Crowdfunding Should Surge as New EU Regulations Reduce the Risks
Passports May Make Crowdfunding More Attractive
Crowdfunding platforms such as Funding Circle, Seedrs and Zopa may find it easier to scale up and do business across borders as EU plans to centrally regulate this activity come to fruition. Platforms may avail of a so-called passports, which would give them bloc-wide access via compliance with just one rulebook. This would increase and diversify the potential investor base for these fintech startups, reducing compliance risk and cost. Plynk, Bud and iZettle are among fintechs that would have access to alternative, cheaper sources of finance.
More for Investors, Less for the Banks
As crowdfunding grows, investors may see more opportunities. Their investments would be better protected under the new regime, making crowdfunding less risky. Among other things, crowdfunding service providers would have a duty to obtain the “best possible result.” Meanwhile, bank lending may wane if crowdfunding becomes a popular alternative to unsecured bank financing, currently the main source of funding for small businesses. HSBC, ING and BBVA are among EU banks with the largest volume of commercial loans at the end of last year.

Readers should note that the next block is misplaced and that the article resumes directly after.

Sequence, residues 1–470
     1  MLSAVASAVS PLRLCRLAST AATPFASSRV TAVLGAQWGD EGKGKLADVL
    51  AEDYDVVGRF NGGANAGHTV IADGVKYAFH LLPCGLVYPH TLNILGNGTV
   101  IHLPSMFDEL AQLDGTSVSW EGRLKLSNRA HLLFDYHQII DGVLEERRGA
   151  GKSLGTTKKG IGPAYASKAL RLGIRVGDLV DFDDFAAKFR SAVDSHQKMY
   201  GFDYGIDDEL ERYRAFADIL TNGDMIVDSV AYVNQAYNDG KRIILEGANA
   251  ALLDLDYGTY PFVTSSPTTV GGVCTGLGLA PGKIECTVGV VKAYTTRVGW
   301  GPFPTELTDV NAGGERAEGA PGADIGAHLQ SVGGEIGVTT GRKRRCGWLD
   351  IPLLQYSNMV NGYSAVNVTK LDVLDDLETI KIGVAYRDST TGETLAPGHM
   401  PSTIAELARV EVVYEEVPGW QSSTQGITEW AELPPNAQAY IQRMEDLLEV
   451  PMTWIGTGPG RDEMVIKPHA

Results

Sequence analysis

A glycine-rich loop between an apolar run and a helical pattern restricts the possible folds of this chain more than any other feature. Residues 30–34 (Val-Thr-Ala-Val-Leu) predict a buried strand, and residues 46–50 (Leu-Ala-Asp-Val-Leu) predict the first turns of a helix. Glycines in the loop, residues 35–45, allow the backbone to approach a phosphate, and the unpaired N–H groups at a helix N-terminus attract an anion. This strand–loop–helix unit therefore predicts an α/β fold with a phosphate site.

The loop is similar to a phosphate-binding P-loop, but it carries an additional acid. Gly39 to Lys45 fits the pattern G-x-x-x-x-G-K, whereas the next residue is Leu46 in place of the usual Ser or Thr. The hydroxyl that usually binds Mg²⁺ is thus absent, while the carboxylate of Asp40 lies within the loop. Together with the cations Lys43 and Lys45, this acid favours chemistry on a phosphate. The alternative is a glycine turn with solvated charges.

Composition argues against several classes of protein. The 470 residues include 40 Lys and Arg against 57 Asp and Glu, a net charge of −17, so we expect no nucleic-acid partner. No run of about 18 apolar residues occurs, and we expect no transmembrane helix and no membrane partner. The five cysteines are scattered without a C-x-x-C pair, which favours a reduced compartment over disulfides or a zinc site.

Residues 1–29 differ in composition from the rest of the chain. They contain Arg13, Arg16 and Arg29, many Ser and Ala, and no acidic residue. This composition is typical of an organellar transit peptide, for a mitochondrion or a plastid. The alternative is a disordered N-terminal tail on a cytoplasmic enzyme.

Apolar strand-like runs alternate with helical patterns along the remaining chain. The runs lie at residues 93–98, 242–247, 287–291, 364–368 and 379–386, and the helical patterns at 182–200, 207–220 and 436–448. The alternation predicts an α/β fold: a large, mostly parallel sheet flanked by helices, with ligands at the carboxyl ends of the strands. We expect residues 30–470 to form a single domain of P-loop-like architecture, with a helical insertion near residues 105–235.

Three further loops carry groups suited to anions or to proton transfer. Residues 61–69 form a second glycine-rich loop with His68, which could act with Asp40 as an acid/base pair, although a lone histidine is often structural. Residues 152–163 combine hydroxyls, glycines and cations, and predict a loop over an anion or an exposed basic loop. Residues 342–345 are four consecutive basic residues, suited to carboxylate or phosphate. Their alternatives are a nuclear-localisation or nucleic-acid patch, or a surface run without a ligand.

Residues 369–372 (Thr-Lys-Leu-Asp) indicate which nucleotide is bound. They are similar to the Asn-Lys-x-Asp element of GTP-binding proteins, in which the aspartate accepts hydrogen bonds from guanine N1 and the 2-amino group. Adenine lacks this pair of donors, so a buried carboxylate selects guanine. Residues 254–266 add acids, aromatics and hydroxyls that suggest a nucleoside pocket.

U.K. May Rain on Crowdfunding Party
Crowdfunding could slow in the U.K. if the Financial Conduct Authority acts on its pledge to more strictly regulate the sector. The watchdog is concerned about weak investor protection. Regulatory controls to increase transparency may also raise costs for startups and hamper flexibility for investors. The FCA, due to publish proposals in 2017, has yet to release them, probably because of Brexit. Claims-management company Reubus Group went bankrupt after raising over 800,000 pounds via crowdfunding in 2016.
Chaotic Crowdfunding Regime Ripe for Change
Europe’s crowdfunding lags behind the U.S. and Asia, mainly because of regulatory divergence within the 28-country bloc. Crowdfunding platforms can’t easily scale up and reap the benefits of the EU single market if they have to comply with myriad local laws, which can conflict. So investors have limited access to crowdfunding projects and can’t easily diversify risks. Platforms must now obtain a local license for each country in which they want to do business.
Companies Impacted: About 60% of platforms focus on finance. In 2017, Monzo raised 2.5 million pounds from 6,500 investors through a campaign on Crowdcube. Germany’s Companisto and Seedmatch, Sweden’s FundedByMe, Finland’s Invesdor, France’s WiSEED and Spain’s Startupxplore are among the bloc’s biggest platforms. (04/11/18)